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American history
political science

From Bloody Shirt to Full Dinner Pail: The Transformation of Politics and Governance in the Gilded Age

Charles W. Calhoun.
Publisher Hill & Wang  
Format paperback
Product Dimensions 8.25 x 5.4 x 0.6 inches
ISBN 9780809047949
Pages/Publication Date 210/2011
Daedalus Item Code 30660
This item is not available.
In the wake of civil war, American politics were racially charged and intensely sectionalist, with politicians waving the proverbial bloody shirt and encouraging their constituents, as Republicans did in 1868, to "vote as you shot." By the close of the 19th century, however, burgeoning industrial development and the roller-coaster economy of the postwar decades had shifted the agenda to tariffs, monetary policy, and business regulation. Historian Charles Calhoun provides a concise, elegant overview of this transformation in national governance, from the election of Ulysses S. Grant in 1868 to the death of William McKinley in 1901, broadly sketching the intense and divided political universe of the period, as well as the colorful characters who inhabited it.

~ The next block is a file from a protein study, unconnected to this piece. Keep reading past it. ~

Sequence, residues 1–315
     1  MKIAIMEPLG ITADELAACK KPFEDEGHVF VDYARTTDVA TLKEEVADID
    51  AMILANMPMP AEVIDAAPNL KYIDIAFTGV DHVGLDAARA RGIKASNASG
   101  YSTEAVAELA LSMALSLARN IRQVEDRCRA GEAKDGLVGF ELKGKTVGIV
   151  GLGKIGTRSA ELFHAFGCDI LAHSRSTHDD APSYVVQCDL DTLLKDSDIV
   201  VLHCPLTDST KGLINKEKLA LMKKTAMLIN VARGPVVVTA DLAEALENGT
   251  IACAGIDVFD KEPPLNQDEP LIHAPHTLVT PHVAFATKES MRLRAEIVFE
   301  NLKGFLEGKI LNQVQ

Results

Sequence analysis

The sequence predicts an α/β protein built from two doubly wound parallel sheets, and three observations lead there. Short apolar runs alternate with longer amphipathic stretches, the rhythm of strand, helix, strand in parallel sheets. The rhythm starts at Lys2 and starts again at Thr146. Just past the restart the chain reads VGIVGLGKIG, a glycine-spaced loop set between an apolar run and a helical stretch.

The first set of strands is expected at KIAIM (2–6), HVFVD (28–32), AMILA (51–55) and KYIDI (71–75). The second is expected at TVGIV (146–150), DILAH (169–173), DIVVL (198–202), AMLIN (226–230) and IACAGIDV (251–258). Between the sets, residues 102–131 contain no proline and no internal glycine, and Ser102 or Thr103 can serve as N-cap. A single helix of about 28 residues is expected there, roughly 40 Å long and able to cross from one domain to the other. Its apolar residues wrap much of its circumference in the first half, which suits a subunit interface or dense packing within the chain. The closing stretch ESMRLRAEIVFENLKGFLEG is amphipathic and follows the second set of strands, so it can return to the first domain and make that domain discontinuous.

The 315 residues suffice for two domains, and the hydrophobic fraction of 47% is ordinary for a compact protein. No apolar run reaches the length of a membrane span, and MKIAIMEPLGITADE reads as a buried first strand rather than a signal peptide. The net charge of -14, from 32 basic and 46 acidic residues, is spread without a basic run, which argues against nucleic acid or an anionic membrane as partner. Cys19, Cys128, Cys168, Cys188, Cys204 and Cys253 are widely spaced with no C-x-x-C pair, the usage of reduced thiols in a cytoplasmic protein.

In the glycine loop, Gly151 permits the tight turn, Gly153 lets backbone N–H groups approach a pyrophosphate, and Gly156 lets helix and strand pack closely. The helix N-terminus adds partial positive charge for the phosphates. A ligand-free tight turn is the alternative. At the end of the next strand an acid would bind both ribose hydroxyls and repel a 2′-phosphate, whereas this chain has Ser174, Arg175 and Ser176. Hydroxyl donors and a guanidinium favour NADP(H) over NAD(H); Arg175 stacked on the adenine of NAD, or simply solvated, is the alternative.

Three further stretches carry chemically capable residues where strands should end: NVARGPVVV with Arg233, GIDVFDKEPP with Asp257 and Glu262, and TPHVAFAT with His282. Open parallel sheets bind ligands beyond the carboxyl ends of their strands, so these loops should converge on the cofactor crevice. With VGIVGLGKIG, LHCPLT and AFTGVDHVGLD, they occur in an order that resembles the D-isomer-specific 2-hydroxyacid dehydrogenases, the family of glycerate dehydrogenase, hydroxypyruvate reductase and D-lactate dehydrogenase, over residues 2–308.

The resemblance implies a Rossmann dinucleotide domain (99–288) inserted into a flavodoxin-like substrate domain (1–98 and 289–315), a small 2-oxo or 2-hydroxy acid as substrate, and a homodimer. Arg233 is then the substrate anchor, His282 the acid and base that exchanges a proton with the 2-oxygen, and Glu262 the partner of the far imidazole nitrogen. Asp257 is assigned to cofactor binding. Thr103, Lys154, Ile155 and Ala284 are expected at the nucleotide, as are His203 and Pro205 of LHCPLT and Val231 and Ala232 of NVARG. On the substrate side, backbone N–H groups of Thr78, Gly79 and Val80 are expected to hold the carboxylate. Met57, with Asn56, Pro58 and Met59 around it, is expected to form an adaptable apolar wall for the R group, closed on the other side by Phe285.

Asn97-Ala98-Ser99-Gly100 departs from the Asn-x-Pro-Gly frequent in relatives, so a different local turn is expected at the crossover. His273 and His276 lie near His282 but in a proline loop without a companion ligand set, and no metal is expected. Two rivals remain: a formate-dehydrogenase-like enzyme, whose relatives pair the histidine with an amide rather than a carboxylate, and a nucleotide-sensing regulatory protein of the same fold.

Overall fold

"Lucid and illuminating.... The author's inviting prose and steely knowledge of his subject remind us that the political compromises and executive decisions forged during the latter half of the 19th century have come to define the most central tenets of modern American politics."Kirkus Reviews

"A specialist on American political history between Abraham Lincoln and Theodore Roosevelt, Calhoun here delivers an insightful survey of the period. Keen to modify the times' reputation for scandal and scant historical consequence, he covers the public issues and political personalities in play in the competition between and within the Republican and Democratic parties. Proceeding chronologically through each national election from 1868 to 1900, Calhoun describes how putative presidential candidates jockeyed for nominations, how victor and vanquished interpreted election results, and the disposition of campaign pledges by the ensuing political alignment in Washington. As Calhoun's title suggests, the ground on which elections were contested shifted from Reconstruction and the civil rights of blacks to economic issues, with the Republicans tending to favor activist government and Solid South Democrats, minimal government. Noting what scandals did erupt, Calhoun ascribes their salience to voters as minimal compared with the Panics of 1873 and 1893 or partisan positions on civil service reform, tariff rates, and silver coinage. An eminently readable historian, Calhoun will click with fans of politics and the political past."Booklist

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